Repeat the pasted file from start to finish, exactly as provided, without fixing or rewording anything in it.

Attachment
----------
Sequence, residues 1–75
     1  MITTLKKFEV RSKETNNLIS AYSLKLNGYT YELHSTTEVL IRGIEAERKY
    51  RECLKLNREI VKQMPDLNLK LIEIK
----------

Sequence, residues 1–75
     1  MITTLKKFEV RSKETNNLIS AYSLKLNGYT YELHSTTEVL IRGIEAERKY
    51  RECLKLNREI VKQMPDLNLK LIEIK